> What other troubleshooting measures can I investigate to find out
    > what is going on?
    > This is a 6 1/2 year old Dell Server.......I am running 4 GB RAM on
    > it and I am beginning to wonder if the extra memory may be causing
    > the problems? Should I go back to 3 GB of RAM to have some on-going
    > stability?


    Did the problems happen immediately after upping the amount of RAM?

    What was the reason you increased the RAM in the first place? Did you
    know that a 32-bit operating system is unable to use 4GB of RAM? It
    won't hurt, of course, but the most you will be able to utilize is
    probably about 3.25GB. For more info, see:

    http://blogs.msdn.com/hiltonl/archive/2007/04/13/the-3gb-not-4gb-ram-problem.aspx

    Perhaps all you need to do is revert to your original RAM configuration.
    If that doesn't work, see if your system freezes in Safe Mode.

    Also, please elaborate on your graphics card not working.

    Finally, you can always boot off a bootable CD (like UBCD4Win or Ubuntu)
    and see if your system acts up in a similar way. If it doesn't, then you
    know your problem is hardware-related.
     
  5. AIANDAS

    AIANDAS Flightless Bird

    I can't say with 100% that the problems began as soon as I made the upgrade
    to 4GB RAM but it certainly is becoming suspect now more and more.
    My graphics card is an NVIDIA GeForce 7600 GT with 256 MB DDR memory, whose
    drivers I updated maybe 3-4 days ago.
    Well if I go into Safe Mode and see if the system freezes up I may have to
    wait a while I think..........I happen to have Ubuntu around, v 9.01. What am
    I doing, bott off that CD when I restart the machine and see what happens?
    I have by happenstance created partitions to install Ubuntu but haven't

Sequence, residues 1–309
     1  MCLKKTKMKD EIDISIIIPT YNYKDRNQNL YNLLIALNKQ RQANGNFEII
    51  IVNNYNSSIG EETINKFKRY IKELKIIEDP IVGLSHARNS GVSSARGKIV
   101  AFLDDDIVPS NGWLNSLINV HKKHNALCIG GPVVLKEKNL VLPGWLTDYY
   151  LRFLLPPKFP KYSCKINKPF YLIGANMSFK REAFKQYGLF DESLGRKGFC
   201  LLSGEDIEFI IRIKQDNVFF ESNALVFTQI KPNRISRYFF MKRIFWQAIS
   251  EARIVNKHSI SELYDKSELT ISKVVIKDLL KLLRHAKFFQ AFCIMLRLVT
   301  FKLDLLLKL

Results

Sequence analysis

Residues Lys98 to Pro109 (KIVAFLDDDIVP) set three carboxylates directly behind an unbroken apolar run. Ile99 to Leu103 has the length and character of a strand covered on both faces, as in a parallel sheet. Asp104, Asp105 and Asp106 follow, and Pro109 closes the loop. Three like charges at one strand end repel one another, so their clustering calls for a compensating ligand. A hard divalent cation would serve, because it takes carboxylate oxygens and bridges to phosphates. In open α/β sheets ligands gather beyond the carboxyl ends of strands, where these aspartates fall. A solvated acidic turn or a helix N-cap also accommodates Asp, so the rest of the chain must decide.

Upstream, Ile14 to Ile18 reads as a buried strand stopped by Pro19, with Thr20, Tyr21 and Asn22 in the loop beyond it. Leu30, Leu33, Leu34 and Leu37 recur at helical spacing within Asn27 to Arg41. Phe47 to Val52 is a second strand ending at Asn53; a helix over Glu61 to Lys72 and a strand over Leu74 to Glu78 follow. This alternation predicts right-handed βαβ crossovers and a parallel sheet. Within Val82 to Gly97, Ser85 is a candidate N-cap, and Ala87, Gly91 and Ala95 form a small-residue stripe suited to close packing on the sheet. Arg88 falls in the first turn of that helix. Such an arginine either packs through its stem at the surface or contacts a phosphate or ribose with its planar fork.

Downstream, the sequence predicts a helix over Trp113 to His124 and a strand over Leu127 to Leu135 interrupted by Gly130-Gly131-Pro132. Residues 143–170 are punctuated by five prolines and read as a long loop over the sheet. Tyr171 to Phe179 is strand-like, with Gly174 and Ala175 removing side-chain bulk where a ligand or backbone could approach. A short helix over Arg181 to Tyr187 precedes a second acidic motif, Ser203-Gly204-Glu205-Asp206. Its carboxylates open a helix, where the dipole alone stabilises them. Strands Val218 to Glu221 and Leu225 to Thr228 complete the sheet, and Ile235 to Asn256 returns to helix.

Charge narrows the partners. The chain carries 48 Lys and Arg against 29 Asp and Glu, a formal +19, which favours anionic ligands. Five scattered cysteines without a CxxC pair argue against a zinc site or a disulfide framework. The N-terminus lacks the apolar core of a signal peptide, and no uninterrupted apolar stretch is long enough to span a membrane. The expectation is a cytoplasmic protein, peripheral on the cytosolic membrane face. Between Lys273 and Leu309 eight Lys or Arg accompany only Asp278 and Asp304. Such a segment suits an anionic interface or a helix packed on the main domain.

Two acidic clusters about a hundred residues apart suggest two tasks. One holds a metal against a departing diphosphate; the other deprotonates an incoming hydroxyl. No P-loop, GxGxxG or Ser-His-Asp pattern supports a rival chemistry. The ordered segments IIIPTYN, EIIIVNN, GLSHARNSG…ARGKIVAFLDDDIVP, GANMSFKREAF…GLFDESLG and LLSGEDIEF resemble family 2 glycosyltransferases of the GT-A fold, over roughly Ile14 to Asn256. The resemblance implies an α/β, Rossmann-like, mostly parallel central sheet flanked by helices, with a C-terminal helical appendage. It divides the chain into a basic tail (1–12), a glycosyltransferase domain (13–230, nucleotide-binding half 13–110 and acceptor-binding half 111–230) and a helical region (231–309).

gotten around to doing so. It couldn't possibly be those partitions that are
    creating the problem esp. since I have not installed anything there.
    Do you think the graphics card is not agreeing with the 4GB of RAM?
    Otherwise what could be wrong with the graphics card?
    Thank you.

    "Daave" wrote:

    > AIANDAS wrote:
    > > Lately I have been experiencing freeze-ups on a consistent basis.
    > > I have taken the following troubleshooting measures: Opened up my pc
    > > and removed whatever dust may have been there that may have caused
    > > the graphics card to stop working; have checked my Event Viewer for
    > > Errors and nothing really significant there to be a cause for alarm.
    > > What other troubleshooting measures can I investigate to find out
    > > what is going on?
    > > This is a 6 1/2 year old Dell Server.......I am running 4 GB RAM on
    > > it and I am beginning to wonder if the extra memory may be causing
    > > the problems? Should I go back to 3 GB of RAM to have some on-going
    > > stability?

    >
    > Did the problems happen immediately after upping the amount of RAM?
    >
    > What was the reason you increased the RAM in the first place? Did you
    > know that a 32-bit operating system is unable to use 4GB of RAM? It
    > won't hurt, of course, but the most you will be able to utilize is
    > probably about 3.25GB. For more info, see:
    >
    > http://blogs.msdn.com/hiltonl/archive/2007/04/13/the-3gb-not-4gb-ram-problem.aspx
    >
    > Perhaps all you need to do is revert to your original RAM configuration.
    > If that doesn't work, see if your system freezes in Safe Mode.
    >
    > Also, please elaborate on your graphics card not working.
    >
    > Finally, you can always boot off a bootable CD (like UBCD4Win or Ubuntu)
    > and see if your system acts up in a similar way. If it doesn't, then you
    > know your problem is hardware-related.
    >
    >
    > .
    >
     
  6. AIANDAS

    AIANDAS Flightless Bird

    P.S.
    Just as I was writing the previous reply my screen went to black, all the
    meanwhile the PC box continued to work. I was then forced to shut down and
    reboot. Is it possible my graphics card is going south for good?
    Do I need to replace my graphics card? If so should I get a 512MB card?

    "AIANDAS" wrote:

    > I can't say with 100% that the problems began as soon as I made the upgrade
    > to 4GB RAM but it certainly is becoming suspect now more and more.
    > My graphics card is an NVIDIA GeForce 7600 GT with 256 MB DDR memory, whose
    > drivers I updated maybe 3-4 days ago.